US 3345543 A
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1967 TOSHIO SATO 3,345,543 SOLID ELECTROLYTIC CAPACITOR WITH ANODIZED ALUMINUM OF MAKING 1965 ELECTRODE AND METHOD Filed March 11,
-2o 2'0 4'0 6b a'o INVENT OR BYU/M 4-4 M ATTORNEYS United States Patent Ofiice Japan ABSTRACT OF THE DISCLOSURE The invention resides in a capacitor with an anodized aluminum anode and manganese dioxide electrolyte producedzfrom manganese hydrate and nitrate, both applied Ever the dielectric film and in situ converted to the diox- 1 e. Y
. The present invention relates to an electrolytic capacitor. in which the anode is solid aluminum and to a method of making such a capacitor.
Heretofore, .capacitors having anodes of solid aluminum have been manufactured in the same manner as capacitors having tantalum anodes. However, when the aluminum anodes were dipped into strong acid during the manufacturing process, the relatively weak aluminum oxide film was damaged or destroyed, andthe use of the method of making a tantalum-type anode has therefore not been practical with aluminum. 1
It is an object of'the present invention to provide a method of utilizing aluminum' for a capacitor anode which is practical, and in which the anode and a cathode layer thereon is properly formed during the'meth'od.
It is a further object of the present invention to provide a method of utilizing aluminum for a capacitor anode which produces a capacitor which is not inferior to a capacitor which has a solid tantalum anode, yet which is faster than the method used with tantalum, which produces capacitors at about one third the cost as compared with the use of tantalum, and which can be carried out continuously to mass produce capacitors.
The method comprises electrolytically forming an oxide film on the aluminum anode, dipping the thus oxide coated aluminum anode in manganese carbonate or otherwise impregnating the anode with manganese carbonate, dipping the impregnated anode in an aqueous manganous nitrate solution, and then thermally decomposing the coatings to produce manganese dioxide. Thereafter, a cathode layer is placed over the manganese dioxide layer, and the capacitor is completed in the conventional manner with a coating and leads for the anode and cathode.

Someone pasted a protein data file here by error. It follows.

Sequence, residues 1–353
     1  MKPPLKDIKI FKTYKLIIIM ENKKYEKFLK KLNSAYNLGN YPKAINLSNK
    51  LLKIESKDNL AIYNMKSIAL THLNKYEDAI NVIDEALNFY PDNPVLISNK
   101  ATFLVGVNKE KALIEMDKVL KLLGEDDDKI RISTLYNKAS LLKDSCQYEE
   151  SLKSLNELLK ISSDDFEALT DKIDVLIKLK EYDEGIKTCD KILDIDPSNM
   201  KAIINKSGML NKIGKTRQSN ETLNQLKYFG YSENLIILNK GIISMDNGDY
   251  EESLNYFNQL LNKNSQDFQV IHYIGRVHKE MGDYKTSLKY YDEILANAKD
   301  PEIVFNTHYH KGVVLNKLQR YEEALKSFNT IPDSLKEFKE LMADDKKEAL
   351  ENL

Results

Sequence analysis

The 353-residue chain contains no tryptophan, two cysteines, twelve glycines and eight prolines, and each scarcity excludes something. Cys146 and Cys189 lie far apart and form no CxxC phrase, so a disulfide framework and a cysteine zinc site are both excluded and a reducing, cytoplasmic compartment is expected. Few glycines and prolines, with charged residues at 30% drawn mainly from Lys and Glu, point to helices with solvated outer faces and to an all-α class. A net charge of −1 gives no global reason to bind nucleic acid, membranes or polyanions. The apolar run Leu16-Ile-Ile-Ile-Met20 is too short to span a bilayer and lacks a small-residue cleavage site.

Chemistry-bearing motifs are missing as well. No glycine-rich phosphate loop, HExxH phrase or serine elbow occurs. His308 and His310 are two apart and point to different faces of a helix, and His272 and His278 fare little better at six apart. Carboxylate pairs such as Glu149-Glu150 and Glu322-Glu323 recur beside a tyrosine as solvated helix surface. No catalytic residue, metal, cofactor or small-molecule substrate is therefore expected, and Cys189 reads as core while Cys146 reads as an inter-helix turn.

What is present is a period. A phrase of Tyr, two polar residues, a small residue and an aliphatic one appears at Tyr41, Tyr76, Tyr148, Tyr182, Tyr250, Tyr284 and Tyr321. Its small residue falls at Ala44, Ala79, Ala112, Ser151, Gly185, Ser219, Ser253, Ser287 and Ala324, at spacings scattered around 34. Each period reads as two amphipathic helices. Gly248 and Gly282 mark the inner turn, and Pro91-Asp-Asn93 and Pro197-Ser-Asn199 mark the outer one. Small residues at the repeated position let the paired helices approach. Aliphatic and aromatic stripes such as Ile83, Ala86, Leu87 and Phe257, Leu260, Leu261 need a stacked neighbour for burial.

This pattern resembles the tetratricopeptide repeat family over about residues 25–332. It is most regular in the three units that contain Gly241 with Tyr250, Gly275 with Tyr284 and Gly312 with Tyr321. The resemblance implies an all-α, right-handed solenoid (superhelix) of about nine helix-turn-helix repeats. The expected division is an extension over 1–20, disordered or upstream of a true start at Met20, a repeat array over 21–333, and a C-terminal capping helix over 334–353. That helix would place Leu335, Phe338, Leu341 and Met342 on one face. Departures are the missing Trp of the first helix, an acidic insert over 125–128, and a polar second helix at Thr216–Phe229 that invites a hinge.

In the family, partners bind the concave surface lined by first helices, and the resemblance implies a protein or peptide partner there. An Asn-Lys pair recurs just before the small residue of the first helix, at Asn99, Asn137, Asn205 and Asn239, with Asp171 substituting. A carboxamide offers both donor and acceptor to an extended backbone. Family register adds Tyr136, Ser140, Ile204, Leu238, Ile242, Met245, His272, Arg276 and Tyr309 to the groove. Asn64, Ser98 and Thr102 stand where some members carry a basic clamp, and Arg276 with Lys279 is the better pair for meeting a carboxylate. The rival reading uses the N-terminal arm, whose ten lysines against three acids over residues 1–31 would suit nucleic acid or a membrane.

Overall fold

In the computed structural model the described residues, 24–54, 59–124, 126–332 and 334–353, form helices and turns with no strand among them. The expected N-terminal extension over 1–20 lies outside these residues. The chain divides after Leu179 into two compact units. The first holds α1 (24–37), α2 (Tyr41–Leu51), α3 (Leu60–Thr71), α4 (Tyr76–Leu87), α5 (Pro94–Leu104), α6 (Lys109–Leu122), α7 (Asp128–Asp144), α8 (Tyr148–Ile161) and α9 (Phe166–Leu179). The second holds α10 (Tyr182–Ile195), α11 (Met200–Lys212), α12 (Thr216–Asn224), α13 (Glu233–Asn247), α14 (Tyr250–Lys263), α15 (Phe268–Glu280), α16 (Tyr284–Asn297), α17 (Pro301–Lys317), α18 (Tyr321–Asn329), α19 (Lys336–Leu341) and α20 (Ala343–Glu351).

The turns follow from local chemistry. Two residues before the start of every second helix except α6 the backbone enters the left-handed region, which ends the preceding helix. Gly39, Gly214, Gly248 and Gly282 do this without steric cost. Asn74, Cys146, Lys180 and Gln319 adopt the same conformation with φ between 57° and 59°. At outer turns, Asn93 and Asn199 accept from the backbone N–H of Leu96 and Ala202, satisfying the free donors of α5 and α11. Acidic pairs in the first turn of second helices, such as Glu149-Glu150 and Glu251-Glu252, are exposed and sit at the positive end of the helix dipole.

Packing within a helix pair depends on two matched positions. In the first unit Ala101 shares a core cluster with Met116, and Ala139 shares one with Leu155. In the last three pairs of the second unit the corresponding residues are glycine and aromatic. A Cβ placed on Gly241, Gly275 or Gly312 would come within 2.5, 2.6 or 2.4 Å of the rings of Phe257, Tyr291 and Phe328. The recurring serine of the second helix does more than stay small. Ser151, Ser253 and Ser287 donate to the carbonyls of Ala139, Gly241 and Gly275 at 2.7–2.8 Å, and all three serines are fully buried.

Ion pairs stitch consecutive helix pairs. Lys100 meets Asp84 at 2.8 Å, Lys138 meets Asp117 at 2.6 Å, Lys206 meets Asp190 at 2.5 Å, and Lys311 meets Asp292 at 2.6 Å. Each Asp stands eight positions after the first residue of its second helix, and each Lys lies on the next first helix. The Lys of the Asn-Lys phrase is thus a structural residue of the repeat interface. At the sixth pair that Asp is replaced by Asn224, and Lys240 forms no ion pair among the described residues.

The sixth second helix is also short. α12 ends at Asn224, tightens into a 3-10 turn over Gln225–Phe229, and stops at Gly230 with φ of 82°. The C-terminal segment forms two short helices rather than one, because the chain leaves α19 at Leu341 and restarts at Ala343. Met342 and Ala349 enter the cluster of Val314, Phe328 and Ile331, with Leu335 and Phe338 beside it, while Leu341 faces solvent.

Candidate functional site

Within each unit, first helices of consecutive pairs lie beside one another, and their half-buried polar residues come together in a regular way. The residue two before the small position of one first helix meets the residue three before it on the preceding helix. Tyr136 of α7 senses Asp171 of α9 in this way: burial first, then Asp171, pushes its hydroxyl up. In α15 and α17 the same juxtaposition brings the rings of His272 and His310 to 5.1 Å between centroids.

The invention will be made clearer by the following specification and claims, taken together with the accompanying drawings, in which:
FIG. 1 is a sectional view through an aluminum anode type capacitor according to the present invention;
FIG. 2 is an elevation view of a capacitor according to the present invention;
FIG. 3 is a perspective view of a spirally wound anode for a capacitor according to the present invention, a cathode layer being shown in dotted outline; and
FIG. 4 is a graph showing the operating characteristics of the capacitor according to the present invention as compared to a tantalum anode type capacitor.
Applicant has found, as a result of experiments to find a method to overcome the deficiencies of using the method commonly employed with tantalum anode type capacitors on aluminum anode type capacitors, that by using manganese carbonate as a basic hydrate, the action of the nitric acid formed by the hydrolysis of the manganous nitrate in the aqueous solution into which the anode is dipped can be neutralized.
3,345,543 Patented Oct. 3, 1967 The action of the nitric acid on the aluminum anode according to the following reaction equation: